An area which received particular attention was the project under the title: "Rural Enterprise of Medicinal Plants" which carried out activities during 1979-89 in six fields, namely: ethnobotany, agronomy, pharmacology, industrialization, training and information. The findings have been published in national and international bulletins. At present the Programme of Medicinal Plants of CEMAT is financing four research projects namely: a Producers' Commodity network, Industrialization, Commercialization, and Information and Training.

The ever growing demands to work on medicinal plants on a comprehensive way led to the formation of a multi-disciplinary and inter-institutional group to coordinate the activities for the optimal use of the natural and ethnomedical resources, especially the use of medicinal plants. In 1984 a Committee, CONAPLAMED, was formed, which in 1988, was transformed into a Commission which is now awaiting legalization. CONAPLAMED is made up of 12 public and private institutions. Its organizational structure is based on three national groups: Ethnobotany-Agronomy, which deals with projects related to botanical and agronomical studies; Phytochemistry- Pharmacology whose objective is to conduct scientific studies lending to the validation of the use of medicinal plants, and Industrialization-Commercialization, which deals with industrialization and commercialization of medicinal plants and by- products. The Commission organizes annual National Seminars on Traditional Medicine in which the research information from the national groups is disseminated. In this way the research findings have been disseminated at national level, but coordination at an international level is underway to achieve some international exchange of information. Since 1982 there is an active participation in the TRAMIL workshops for the creation of a Caribbean Pharmacopoeia under the coordination of ENDA-Caribbean in the Dominican Republic which will take place in Guatemala in November, 1990. In 1987 the First Meso-American Seminar of Ethno- Pharmacology was organized with 150 participants from 10 countries. 20 scientific papers were presented and published. The Second Meso-American Seminar of Ethno-Pharmacology took place in San Jose, Costa Rica, in December 1989.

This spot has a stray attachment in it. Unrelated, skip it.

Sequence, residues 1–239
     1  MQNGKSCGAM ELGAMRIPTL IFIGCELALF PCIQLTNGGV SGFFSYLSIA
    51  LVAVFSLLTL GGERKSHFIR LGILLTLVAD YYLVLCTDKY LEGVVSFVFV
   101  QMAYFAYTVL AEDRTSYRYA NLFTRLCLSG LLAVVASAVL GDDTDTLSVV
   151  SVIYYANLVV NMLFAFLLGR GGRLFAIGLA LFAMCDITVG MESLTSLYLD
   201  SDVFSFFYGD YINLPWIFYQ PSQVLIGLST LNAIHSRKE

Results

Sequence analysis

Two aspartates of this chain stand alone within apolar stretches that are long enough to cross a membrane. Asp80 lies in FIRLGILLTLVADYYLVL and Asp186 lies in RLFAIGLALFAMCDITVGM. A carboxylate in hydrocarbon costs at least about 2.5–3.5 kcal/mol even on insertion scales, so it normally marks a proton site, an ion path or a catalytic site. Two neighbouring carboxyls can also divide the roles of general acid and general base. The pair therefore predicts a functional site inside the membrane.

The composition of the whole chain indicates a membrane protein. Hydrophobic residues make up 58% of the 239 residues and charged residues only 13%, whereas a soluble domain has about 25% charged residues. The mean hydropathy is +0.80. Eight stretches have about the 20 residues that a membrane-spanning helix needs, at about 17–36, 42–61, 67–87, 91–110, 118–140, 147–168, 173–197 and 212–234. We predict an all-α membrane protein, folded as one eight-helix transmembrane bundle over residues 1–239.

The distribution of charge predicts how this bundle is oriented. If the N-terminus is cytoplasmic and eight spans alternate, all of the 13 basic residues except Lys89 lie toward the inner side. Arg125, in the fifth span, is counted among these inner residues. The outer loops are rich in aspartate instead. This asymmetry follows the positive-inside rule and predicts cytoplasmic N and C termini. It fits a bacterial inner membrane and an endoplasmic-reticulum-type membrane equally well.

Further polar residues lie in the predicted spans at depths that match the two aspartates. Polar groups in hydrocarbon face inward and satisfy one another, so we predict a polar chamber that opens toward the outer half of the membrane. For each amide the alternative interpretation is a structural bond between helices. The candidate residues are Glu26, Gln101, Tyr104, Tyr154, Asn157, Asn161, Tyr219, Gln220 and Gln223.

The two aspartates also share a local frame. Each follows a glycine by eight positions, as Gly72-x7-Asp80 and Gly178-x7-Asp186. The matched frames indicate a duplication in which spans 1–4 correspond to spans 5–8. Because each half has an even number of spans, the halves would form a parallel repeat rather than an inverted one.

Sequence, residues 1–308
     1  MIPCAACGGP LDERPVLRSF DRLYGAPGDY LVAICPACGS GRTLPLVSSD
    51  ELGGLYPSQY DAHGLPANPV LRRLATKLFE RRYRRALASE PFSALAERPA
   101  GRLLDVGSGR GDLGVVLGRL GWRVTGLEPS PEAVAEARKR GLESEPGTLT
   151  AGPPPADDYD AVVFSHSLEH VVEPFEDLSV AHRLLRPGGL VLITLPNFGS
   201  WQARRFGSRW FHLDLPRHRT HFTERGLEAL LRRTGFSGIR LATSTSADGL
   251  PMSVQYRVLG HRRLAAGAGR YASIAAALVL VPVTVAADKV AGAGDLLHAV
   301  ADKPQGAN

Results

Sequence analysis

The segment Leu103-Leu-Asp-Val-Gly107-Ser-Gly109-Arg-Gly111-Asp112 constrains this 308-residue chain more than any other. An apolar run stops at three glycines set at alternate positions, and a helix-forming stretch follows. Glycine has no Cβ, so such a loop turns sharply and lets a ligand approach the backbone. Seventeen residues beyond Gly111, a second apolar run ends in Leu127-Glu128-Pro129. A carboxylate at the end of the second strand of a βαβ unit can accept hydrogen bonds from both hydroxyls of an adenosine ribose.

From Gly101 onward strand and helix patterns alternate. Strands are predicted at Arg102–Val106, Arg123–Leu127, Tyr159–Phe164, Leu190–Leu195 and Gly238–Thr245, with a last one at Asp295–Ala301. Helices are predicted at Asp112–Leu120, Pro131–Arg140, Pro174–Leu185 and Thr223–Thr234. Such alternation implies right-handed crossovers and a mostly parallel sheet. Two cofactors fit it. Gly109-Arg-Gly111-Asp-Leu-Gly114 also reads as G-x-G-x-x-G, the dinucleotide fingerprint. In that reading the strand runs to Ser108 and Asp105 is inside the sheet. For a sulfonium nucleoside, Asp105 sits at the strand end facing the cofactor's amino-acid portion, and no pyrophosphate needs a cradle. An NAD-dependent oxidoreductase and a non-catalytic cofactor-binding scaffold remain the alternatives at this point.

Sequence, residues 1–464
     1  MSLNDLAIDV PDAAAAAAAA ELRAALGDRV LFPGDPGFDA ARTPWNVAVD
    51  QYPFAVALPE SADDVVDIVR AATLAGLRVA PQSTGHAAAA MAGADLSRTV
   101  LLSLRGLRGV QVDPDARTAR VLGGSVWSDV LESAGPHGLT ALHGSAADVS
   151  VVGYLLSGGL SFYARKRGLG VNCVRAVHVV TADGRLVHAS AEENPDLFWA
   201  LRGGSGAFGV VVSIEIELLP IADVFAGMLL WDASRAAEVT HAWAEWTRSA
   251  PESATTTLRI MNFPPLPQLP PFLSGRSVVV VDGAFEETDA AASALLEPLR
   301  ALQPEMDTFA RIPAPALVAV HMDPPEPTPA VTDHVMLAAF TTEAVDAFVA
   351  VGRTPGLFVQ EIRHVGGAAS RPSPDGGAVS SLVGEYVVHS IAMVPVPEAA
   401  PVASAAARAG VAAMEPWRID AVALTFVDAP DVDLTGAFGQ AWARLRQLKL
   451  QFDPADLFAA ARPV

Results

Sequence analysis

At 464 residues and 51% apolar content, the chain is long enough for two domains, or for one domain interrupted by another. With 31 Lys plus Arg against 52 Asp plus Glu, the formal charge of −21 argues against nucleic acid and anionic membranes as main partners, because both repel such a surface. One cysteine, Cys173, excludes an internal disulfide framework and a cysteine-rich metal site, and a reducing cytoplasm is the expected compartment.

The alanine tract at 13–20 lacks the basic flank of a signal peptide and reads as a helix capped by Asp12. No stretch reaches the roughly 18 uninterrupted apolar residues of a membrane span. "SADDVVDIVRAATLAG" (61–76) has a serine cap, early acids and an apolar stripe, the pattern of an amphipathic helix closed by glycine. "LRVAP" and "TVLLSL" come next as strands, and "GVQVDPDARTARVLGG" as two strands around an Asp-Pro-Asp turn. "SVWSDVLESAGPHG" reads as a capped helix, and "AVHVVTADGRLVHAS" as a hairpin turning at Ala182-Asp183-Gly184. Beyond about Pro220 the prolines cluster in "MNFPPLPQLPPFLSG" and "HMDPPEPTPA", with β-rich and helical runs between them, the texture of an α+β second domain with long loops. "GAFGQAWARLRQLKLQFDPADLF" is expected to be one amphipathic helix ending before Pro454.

To scientifically validate the use of traditional medicine as an integral part of the national systems of health care; to strengthen the acceptance of traditional medicine by the people as part of their cultural heritage.


· To compile existing ethnobotanical information according to practising ethnic groups.

· To encourage the cultivation of medicinal plants as part of the conservation strategy.

· To develop non-sophisticated technology for the utilization of indigenous and exotic medicinal plants.